We advocate an empirical approach that requires a post-mortem and an audit after the polling exercise and this should be done weeks after the polls have ended. The exercise would raise a plethora of questions. This will include; what went well and in which areas or departments did the elections go as scheduled or the results even surpassed expectations? What were the critical factors and resources that led to the success?  Alternatively, where failure or retrogression was recorded, we may still ask: what actually went wrong? Any dereliction of duty? Or, did planning and execution not anticipate the challenges? Did INEC and other stakeholders do enough scenario planning and simulation? Are there laws and policies that stultified progress and therefore need to be amended?  We are bound to raise a number of questions that would need to be answered if we are to make progress. The audit must be an honest one and involve all stakeholders from INEC the regulator, the legislature, key officials in the executive, political parties, civil society organisations, security agencies, etc.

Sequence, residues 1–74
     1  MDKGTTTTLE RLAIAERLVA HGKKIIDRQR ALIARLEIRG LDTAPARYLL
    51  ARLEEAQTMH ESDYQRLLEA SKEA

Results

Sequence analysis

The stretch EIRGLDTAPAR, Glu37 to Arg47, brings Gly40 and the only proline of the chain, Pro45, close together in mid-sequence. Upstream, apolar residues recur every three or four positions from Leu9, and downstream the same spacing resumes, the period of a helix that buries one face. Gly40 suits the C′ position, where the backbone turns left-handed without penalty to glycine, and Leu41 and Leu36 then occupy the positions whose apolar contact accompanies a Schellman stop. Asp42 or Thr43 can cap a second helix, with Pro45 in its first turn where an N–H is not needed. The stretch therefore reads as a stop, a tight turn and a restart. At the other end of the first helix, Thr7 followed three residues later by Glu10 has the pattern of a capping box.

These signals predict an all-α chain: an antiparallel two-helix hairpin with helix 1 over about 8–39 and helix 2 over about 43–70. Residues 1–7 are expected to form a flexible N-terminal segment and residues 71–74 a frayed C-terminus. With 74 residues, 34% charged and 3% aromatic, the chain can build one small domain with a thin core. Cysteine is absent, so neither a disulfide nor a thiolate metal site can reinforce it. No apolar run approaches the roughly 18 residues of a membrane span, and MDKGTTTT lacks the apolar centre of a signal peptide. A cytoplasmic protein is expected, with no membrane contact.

More questions will be raised and answered in the process of the audit. Must we continue to gather at a place and close down the country’s bureaucracy, economy and social activities for one day in the guise of elections? Must we spend billions of naira printing permanent voter cards every four years and spend a fortune in the continuous voter registration? Can we disrupt the economy of elections and the valueless food chain it has created? Would the heavens fall if we ask all Nigerians to get a national identity card and use the same for voting and other national needs where identification is needed? Why should we deprive other Nigerians in the Diaspora of their voting rights? Should participation in election debates not become compulsory for anyone seeking to occupy a position of public trust to be validated by election? Can we not take benefit of technological advances in our elections and stop the primitive approach to elections?